- Safaricom will lead a consortium with a 51 per cent stake.
- Safaricom to borrow for Ethiopia high entry costs expected to breach Sh100bn mark. The telco says the size and type of debt –bank borrowings or corporate bond — will become clear at a later date.
- Besides selling the new telecommunications licences, the Ethiopian government is also disposing of a minority stake in Ethio Telecom, which has a monopoly in that market.
Safaricom #ticker:SCOM will borrow billions of shillings to fund its expansion into Ethiopia if a consortium it is leading wins one of two telecommunications licences being auctioned in that market.
The company will have a controlling 51 percent stake in the consortium, meaning that it will shoulder most of the financial investment that is expected to top the $1 billion (Sh109 billion) mark.
The Nairobi Securities Exchange-listed firm sees Ethiopia, a market with more than 100 million people and relatively lower uptake of mobile and broadband services, as presenting significant growth opportunities.
“Obviously if we are successful in the bid in Ethiopia there’ll be additional debt taken on our balance sheet,” Ilanna Darcy, Safaricom’s acting chief financial officer, said on November 9 when the firm announced its results for the half year ended September.
The telco says the size and type of debt –bank borrowings or corporate bond — will become clear at a later date.
Safaricom will, however, take longer-term debt to fund the Ethiopia venture in a departure from its current practice of taking short-term bank loans, which it pays within one year.
The company recently raised its bank borrowings to a new high of Sh32.7 billion to fund capital expenditure and pay dividends, with Ms Darcy saying most of the debt will be settled by March next year.
“Together with other partners we are exploring best option for market entry based on the bidding process,” Safaricom’s chief executive, Peter Ndegwa, said of the potential Ethiopia investment.
“We are not able to give further details on consortium composition, funding structure, capital expenditure amongst other details until the appropriate time.”
He added that the firm was interested in the Ethiopian market where the government has started the licensing process.
South Africa’s Vodacom Group, which has a 35 per cent stake in Safaricom, on Monday disclosed more details of their Ethiopia joint investment plans.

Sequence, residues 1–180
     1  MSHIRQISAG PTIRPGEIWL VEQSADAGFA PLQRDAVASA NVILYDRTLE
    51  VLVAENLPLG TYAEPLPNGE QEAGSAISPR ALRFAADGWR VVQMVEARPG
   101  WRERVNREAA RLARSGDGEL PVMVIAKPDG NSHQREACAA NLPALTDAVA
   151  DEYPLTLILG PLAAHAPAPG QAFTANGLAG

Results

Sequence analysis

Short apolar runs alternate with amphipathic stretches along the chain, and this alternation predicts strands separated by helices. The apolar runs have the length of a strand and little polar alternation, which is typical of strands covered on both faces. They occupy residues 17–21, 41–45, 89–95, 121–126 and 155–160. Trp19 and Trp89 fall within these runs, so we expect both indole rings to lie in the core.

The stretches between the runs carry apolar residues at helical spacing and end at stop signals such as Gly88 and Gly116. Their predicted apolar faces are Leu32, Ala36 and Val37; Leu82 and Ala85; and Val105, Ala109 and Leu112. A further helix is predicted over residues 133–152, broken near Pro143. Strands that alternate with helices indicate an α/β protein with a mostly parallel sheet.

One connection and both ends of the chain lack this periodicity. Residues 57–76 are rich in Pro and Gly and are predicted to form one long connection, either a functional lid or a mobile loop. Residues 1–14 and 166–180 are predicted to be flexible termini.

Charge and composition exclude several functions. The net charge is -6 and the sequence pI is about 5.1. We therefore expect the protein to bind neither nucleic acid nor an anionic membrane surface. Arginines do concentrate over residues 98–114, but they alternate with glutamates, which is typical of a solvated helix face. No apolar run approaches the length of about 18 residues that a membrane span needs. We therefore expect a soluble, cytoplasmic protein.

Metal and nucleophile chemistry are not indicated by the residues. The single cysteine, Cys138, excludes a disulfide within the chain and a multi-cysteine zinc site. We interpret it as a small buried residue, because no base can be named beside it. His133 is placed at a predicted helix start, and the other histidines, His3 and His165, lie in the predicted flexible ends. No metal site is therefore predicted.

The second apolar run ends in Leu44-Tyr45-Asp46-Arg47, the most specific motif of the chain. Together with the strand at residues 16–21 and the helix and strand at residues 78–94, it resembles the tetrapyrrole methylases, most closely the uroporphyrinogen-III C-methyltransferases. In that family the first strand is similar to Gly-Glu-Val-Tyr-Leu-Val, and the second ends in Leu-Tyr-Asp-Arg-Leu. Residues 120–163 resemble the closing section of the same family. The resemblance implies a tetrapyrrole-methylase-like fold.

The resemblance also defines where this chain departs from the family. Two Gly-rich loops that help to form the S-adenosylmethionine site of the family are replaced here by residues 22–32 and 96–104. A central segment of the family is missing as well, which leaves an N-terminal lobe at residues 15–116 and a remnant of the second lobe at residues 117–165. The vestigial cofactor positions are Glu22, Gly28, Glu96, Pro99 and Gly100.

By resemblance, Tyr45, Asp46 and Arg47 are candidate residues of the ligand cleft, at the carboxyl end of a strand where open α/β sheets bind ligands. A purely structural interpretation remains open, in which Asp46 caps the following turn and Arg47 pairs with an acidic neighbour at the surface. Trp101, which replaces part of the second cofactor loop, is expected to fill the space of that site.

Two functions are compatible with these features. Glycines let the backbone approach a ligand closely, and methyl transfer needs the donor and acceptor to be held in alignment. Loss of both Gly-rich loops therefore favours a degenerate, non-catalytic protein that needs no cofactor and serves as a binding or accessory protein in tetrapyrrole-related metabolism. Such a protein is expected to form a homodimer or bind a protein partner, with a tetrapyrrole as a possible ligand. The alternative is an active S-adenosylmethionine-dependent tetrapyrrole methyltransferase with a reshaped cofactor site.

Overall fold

“Finally, the group’s bid for licence in Ethiopia will be done through a consortium led by Safaricom, which has submitted the expression of interest to the Ethiopian telecom authorities,” Vodacom CEO Shameel Joosub said in an earnings call.
“Safaricom will lead our consortium with a 51 per cent stake. The remainder will be taken up by strategic financial investors. We as Vodacom will take a small direct minority position of around five per cent in the consortium.”
The Ethiopian Communications Authority announced that it had received expressions of interest from scores of firms, including telcos and non-telecom operators by June 22.
They include Vodafone, Vodacom and Safaricom through their investment vehicle Global Partnership for Ethiopia.
Others are Etisalat, Axian, MTN, Orange, Saudi Telecom Company, Telkom SA, Liquid Telecom and Snail Mobile, Kandu Global Communications and Electromecha International Projects.
Mr Joosub said the capital expenditure for the potential Ethiopian entry is not yet clear, adding that the auction of the licences is expected in February or March next year.
He added that while Vodacom was limiting its exposure in the consortium to five per cent, the multinational could raise its ownership after a couple of years into the operation.
Safaricom was allowed to lead the consortium for several reasons, including Kenya’s geographical proximity to Ethiopia.
“I think it will be a very good exposure to Safaricom from the perspective of geographical closeness on the one perspective, but also giving Safaricom additional exposure to more growth areas,” Mr Joosub said.
Besides selling the new telecommunications licences, the Ethiopian government is also disposing of a minority stake in Ethio Telecom, which has a monopoly in that market.
The transactions are part of economic liberalisation policies being implemented by Ethiopia, which is seen as presenting major growth opportunities in the telecoms market.
“Mobile phone use and ownership is significantly behind that of Egypt, Kenya and even Sudan, which is amplified when examining the uptake of mobile broadband services,” said the World Bank, which is advising Ethiopia on the telecom transactions.
Mobile phone penetration rate in Ethiopia, for instance, stood at 44 per cent compared to Kenya’s 100.8 per cent in the first quarter of 2019.
Uptake of mobile broadband (3G) was 8.8 per cent against 28 per cent while that of 4G stood at 0.17 per cent compared to Kenya’s 11 per cent. Mr Ndegwa said the Ethiopian government had indicated that winning bidders could be allowed to add mobile money to their services after a few years.
“Potential investors in Ethio Telecom are likely also to be potentially interested in the award of two new licences, so announcing both opportunities to the market at the same time should help to achieve the best possible prices,” the World Bank said.
“The government also wants to avoid the potential risk of Ethio Telecom being ‘left behind’ by the market opening.”
EthioTel is fully owned by the government and maintains a monopoly over all telecommunications services including open-wire, microwave radio relay; radio communication in the HF, VHF, and UHF frequencies.
The company’s critical infrastructure assets include two domestic satellites, which provide the national trunk service and large long-distance fibre network organised in 13 rings and with around 22,000km of fibre for its service operations — fixed line, mobile, Internet, data, voice and other value-added services.